By Edrissa Jallow
President Adama Barrow after assuming office during his first term assured that his government’s immediate priority was to address the frustrations and lack of opportunities for the Gambian young.
At the launch of the National Development Plan (2018-2021), the government said it was committed to implementing projects and programs that will contribute to transforming the country to a more progressive, vibrant and all-inclusive society.
One of the key outcomes for Youth Empowerment and Development in the National Development Plan was the need to produce “[a] revised National Youth Policy and Act”.
The National Youth Policy is a Cabinet document while the National Youth Act is approved by the National Assembly. For these documents to be revised and implemented they need to be approved at Cabinet level (National Youth Policy) and at the National Assembly (National Youth Act) respectively.
During interviews with Officials and Youth Advocates it was observed that the National Youth Act and the National Youth Policy were referred to interchangeably. Our reporter made a concerted effort to differentiate the two to better inform readers about the progress made in redeeming this promise.
National Youth Policy
Our Fact-Check commences with an interview and statements by Mr Musa Mbye, the Deputy Permanent Secretary at the Ministry of Youths and Sports (MOYS) and the Chairperson of the taskforce for Legal Issues.
According to Mr Mbye “formal Youth work in the Gambia started in 1989 and that was when the first National Youth Policy was developed and it’s a ten-Year Policy Cycle. Then after 10 years in 1999 the second Policy came up and that is how it is being done”.
The current [National Youth] Policy 2019 to 2028 is the fourth policy to be produced for the country. According to Mr Mbye the policy was approved by cabinet “following a terminal evaluation of the last policy and the lessons learnt helped in developing this policy”.
To confirm Mr Mbye’s statement our reporter contacted Mr Omar Bah, a Program Officer working for the National Youth Council (NYC). According to Mr Bah “The government has established a new National Youth policy 2019 – 2028 and it has been approved by the cabinet”.
Here is an online copy of the National Youth Policy of the Gambia 2019-2028 (here).
Speaking to Mr Omar Danso, the National Coordinator of ACTIVISTA, a recognised Youth Organisation by the NYC, he explained that “the involvement of National [Youth] Organisations in the formulation of the National Youth Policy to some extent one might say it is so limited”. According to Mr Danso “there was no formal invitation sent to most of the youth organisations including ACTIVISTA, Peace Ambassadors, NYP and so on”.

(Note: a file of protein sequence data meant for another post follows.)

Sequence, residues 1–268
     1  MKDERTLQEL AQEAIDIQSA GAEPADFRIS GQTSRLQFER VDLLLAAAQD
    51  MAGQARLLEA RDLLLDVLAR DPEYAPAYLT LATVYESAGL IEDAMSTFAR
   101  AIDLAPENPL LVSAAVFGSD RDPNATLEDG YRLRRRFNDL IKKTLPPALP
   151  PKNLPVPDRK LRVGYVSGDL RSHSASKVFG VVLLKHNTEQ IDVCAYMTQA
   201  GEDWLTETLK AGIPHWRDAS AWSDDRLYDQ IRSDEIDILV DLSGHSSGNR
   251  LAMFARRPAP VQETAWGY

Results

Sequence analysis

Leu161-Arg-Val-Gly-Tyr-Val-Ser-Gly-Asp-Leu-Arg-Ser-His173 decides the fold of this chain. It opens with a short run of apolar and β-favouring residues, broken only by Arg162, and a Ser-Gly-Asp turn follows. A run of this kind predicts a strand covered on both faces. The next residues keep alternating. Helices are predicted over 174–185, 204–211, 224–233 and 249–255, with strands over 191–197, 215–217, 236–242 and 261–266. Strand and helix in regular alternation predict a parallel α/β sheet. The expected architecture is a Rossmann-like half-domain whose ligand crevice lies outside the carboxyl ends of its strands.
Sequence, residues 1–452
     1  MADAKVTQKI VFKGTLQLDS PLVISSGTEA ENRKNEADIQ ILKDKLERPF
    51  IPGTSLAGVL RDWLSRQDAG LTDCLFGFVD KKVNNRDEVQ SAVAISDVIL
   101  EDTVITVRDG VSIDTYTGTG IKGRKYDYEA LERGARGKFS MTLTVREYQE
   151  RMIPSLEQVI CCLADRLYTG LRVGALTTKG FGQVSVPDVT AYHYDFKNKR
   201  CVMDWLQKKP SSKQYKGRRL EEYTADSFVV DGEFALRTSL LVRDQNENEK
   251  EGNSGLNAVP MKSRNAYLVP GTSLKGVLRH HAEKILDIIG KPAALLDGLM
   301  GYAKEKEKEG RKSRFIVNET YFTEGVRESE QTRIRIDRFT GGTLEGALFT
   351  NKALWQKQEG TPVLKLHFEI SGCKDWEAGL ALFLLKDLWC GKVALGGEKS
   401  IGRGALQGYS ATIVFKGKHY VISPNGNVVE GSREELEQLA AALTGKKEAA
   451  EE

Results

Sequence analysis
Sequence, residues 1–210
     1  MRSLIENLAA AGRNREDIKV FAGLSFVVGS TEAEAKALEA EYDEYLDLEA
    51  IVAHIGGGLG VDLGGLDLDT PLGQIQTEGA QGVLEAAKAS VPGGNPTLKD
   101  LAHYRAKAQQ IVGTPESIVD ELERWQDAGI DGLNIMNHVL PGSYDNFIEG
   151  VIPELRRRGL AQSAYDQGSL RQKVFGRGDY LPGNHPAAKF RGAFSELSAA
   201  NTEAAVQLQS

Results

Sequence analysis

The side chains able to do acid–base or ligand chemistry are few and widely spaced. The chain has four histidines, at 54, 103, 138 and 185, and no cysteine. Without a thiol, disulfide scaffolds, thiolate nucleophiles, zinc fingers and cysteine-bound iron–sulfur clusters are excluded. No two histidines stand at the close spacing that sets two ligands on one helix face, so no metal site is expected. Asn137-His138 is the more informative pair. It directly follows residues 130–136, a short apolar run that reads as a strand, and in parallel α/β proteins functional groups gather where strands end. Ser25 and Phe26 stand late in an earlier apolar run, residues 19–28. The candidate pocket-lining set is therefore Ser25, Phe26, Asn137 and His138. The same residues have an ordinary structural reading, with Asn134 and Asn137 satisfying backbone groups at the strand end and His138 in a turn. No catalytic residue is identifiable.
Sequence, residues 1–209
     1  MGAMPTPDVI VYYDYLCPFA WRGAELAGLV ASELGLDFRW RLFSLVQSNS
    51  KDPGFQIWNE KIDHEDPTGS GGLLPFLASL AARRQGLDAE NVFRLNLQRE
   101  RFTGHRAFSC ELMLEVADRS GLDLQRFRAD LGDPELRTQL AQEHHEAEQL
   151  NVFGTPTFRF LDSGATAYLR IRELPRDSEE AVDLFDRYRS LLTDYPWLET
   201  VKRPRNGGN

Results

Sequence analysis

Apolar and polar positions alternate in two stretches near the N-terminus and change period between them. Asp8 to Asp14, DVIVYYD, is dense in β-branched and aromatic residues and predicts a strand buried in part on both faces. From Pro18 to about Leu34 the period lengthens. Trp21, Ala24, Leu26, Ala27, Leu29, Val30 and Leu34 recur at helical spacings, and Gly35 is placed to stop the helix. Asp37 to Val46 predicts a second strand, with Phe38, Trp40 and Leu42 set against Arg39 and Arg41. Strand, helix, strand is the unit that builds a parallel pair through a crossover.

The ACTIVISTA Coordinator noted that despite not receiving an invitation he was informally alerted of the validation of the National Youth Policy which he claims “was done by few”. Explaining how he eventually attended the validation at around 5pm in the evening, Mr Danso noted that “after the validation nothing was said about it and no formal letter was sent to notify us if it was accepted or rejected. So as an organisation we still stand on our feet that ACTIVISTA was not involved in the validation of the Youth Policy”.
National Youth Act
According to Mr Omar Bah of the National Youth Council, the NYC is currently on a “nationwide consultation of the Youth Bill, 2021 with the young people and other critical stakeholders”. Mr Bah noted that “the first National Youth Act was established and approved by cabinet in 2000”.
“A revised Youth act is yet to be tabled at the National Assembly but already there is a draft bill and currently on regional consultations to be followed by National consultations then Validation before it will be tabled at the Assembly by the Ministry of Youth and Sports”.
At one of their Consultation meetings with Gambian Youth Leaders in Banjul, Mr Musa Mbye, the Deputy Permanent Secretary spoke about the National youth Act which he also confirms “was promulgated in 2000 and since then it’s over 20 years now. Of course, the dynamics and changing needs necessitated the need of course to review our legislative frameworks in order to align it with the current realities”.
Speaking to Mr Omar Cham or the National Youth Parliament we asked him about the level of involvement of youths in the Youth Bill, 2021. In his view he does “not believe the young people have been sufficiently involved. This is due to the fact that as the most important stakeholders in this endeavour, young people should have been engaged from the planning stage. We are aware of the consultations being conducted with some young people in the regions but I want to believe such should have been the departure point, not after a draft”.
ACTIVISTA National Coordinator Mr Omar Danso responded to Gainako’s questions on their level of involvement on the Youth Bill, 2021. To this Mr Danso explained that “on the side of the Youth Act I think we were all shocked when we saw the first draft came out and according to some of the sources it is stated that draft was done in consultation with National Youth Organisations which actually as far as I know at ACTIVISTA end it is false”.
“Right now, we are looking at the Policy critically and trying to come up with a position paper that we can submit because we feel that NYC is not actually engaging National Youth Organisations,” said Mr Danso.
President Adama Barrow has established a Revised National Youth Policy 2019-2028 which is available online, however, a Revised Youth Act has not been tabled at the National Assembly by the Ministry of Youth and Sports.
Therefore, the promise to establish a revised National Youth Policy and Act has only been partially redeemed.